The all-new Rolls-Royce Phantom has again been spotted testing ahead of a planned launch in late 2017. These latest pictures also show the interior of the car for the first time.

Although heavily disguised, the new Phantom looks set to borrow at least some of its interior architecture from the upcoming BMW 7-series. However, bespoke Rolls-Royce elements including the round air vents on the centre console can also be seen.

The use of very slightly flared wheel arches on this mule also suggests that there is a next-generation drivetrain under its skin, but it also shows that that the wheelbase of the next Phantom will be virtually identical to the current model.

With BMW’s next generation 7-series also seen testing on public roads around the company’s Munich HQ, it seems likely that this Phantom is involved in developing some of the driveline components it will share with BMW’s upcoming flagship.

Given the amount of flexibility the Rolls Royce engineering team has to modify and originate unique components, one of the few completely common parts is likely to be a hybrid drivetrain.

Components such as the automatic transmission with its integrated electric motor, the complex control electronics and the battery packs are likely to be shared with the new 7-series, which is thought to be at least 18 months from the showroom.

Although still three years away from production, in an interview with Autocar earlier this year Rolls’ design chief Giles Taylor said he had ‘already started sketching ideas’ for the new car.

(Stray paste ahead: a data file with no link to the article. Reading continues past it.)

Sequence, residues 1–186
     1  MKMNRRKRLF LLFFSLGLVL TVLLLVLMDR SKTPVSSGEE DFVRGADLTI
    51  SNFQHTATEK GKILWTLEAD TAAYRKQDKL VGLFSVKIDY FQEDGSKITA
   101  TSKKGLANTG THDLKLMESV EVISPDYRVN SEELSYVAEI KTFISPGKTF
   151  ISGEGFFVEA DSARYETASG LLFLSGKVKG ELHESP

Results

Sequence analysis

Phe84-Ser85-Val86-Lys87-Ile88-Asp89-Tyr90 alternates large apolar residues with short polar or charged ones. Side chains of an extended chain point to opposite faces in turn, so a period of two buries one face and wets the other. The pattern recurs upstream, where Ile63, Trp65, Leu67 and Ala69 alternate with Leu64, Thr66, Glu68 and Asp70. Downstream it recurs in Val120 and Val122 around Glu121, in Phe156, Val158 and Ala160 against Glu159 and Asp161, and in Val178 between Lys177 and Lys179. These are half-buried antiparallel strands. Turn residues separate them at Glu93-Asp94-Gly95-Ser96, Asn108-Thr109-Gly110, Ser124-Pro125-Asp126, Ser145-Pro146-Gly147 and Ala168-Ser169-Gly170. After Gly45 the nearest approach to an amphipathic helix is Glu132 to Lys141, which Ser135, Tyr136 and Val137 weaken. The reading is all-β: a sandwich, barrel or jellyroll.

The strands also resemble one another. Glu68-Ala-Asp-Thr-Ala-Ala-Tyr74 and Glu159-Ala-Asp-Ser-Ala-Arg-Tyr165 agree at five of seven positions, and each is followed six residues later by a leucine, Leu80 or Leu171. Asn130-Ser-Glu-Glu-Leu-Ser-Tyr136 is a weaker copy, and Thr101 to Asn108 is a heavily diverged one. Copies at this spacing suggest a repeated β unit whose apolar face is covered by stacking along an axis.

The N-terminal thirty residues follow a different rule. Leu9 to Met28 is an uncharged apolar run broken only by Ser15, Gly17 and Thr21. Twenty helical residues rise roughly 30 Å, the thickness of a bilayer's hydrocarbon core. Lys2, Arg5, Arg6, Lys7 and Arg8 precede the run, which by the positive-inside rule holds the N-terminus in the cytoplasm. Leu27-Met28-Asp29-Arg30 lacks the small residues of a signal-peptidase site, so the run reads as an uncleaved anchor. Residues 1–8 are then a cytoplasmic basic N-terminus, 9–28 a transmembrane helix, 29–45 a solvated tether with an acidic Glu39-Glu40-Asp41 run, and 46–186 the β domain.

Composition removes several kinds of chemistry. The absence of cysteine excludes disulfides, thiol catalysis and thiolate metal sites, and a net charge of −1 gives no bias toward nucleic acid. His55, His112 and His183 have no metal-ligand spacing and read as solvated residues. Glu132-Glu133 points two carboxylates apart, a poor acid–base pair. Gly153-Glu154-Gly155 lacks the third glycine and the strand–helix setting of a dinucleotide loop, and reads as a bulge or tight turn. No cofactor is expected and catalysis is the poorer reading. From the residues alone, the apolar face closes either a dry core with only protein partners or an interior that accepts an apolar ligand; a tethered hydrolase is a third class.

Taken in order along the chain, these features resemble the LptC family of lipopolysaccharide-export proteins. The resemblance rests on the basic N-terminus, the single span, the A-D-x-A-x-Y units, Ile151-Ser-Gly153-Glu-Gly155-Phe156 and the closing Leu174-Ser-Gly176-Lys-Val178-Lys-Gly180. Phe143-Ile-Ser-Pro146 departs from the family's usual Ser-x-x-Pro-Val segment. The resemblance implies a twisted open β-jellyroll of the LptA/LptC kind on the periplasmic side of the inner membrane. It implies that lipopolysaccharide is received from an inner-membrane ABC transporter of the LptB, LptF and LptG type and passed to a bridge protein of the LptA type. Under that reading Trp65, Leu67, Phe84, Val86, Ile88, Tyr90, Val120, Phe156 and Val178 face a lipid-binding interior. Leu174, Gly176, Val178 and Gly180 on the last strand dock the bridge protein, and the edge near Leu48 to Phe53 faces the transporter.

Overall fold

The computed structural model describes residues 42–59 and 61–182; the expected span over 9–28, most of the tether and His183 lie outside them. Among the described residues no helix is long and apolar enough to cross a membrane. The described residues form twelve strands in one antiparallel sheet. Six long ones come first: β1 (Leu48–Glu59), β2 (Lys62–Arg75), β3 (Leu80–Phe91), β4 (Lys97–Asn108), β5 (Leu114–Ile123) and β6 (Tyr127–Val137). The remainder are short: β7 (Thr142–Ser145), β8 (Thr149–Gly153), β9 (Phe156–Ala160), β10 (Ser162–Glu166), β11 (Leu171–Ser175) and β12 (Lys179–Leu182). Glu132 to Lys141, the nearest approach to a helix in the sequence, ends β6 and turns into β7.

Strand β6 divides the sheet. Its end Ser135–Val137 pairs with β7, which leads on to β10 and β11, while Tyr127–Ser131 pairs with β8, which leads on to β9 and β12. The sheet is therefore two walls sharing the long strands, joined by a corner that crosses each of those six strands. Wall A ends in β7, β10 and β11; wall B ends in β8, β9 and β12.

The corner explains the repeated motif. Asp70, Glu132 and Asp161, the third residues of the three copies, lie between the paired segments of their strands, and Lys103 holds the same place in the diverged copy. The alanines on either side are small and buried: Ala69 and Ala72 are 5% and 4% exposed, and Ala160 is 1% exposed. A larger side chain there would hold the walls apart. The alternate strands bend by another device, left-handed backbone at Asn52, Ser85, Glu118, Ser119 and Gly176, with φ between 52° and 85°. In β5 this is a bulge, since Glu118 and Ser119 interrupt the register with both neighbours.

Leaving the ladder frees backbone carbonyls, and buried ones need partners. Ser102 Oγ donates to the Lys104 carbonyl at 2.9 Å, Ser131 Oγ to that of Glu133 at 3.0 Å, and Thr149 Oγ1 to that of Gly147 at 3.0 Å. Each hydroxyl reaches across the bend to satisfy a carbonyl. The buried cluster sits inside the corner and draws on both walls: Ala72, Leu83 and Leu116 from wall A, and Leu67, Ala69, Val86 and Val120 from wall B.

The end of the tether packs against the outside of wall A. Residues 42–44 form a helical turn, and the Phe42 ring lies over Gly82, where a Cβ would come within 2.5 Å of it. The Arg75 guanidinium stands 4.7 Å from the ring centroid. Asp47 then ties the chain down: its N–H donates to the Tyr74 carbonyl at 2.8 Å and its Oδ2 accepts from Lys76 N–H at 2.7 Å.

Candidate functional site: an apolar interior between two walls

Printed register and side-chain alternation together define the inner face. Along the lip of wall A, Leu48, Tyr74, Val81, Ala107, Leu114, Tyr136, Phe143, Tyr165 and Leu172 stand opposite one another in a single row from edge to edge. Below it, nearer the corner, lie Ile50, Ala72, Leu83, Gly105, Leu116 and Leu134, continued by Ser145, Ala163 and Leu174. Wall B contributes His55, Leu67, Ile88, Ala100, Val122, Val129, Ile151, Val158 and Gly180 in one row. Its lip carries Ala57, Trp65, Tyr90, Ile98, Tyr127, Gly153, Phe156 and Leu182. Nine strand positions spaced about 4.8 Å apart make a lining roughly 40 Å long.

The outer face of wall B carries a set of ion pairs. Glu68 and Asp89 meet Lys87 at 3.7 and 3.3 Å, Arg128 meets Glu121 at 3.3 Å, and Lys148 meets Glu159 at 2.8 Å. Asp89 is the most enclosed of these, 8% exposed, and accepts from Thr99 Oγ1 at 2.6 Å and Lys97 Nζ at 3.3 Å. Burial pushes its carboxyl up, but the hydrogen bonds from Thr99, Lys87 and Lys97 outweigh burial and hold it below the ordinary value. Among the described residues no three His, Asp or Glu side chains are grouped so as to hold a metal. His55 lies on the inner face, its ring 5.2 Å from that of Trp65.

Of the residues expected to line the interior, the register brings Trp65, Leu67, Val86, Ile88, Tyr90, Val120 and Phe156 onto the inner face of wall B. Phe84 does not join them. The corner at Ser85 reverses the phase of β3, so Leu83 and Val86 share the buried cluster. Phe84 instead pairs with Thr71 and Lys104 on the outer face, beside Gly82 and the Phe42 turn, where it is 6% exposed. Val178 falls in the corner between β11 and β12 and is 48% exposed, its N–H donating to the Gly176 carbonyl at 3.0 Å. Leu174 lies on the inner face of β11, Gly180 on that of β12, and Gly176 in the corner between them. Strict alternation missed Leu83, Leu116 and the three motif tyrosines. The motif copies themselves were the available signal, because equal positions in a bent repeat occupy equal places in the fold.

“I don’t feel boxed in by the [existing] design," he said "We are treading an evolutionary path and have a defining vision of modernity. The Wraith was all about modernising the brand. The fastback profile has a contemporary relevance.

"We are working on how to lay down what we call a ‘charismatic expressiveness’ for our future design language.”

Discussing his team’s thinking on the new Phantom, Taylor strongly suggested that it would be less formal looking. 

“Cars like the post-war Cloud were inspiring in their surfacing, almost baroque,” he said. “Rolls-Royces have always had flair and movement. We’re looking at more charisma and more 
edge in the future.

“I don’t think that the current Phantom is ‘stiff’. I’m a fan of the permanence of the Phantom. But if we are going to take the model forward, we need to retain the Rolls Royce ‘golden section’, a big part of which is the angle of the rear pillar. You get a lot of privacy behind that wide C-pillar. It’s part of the Phantom recipe.”

Taylor also hinted that the new Phantom’s grille, lights and air intakes would be different from those of the current model, saying that there needed to be a “sense of connection and integration of the [car’s] graphics”.

Find out what else lies in Rolls-Royce's future model plans

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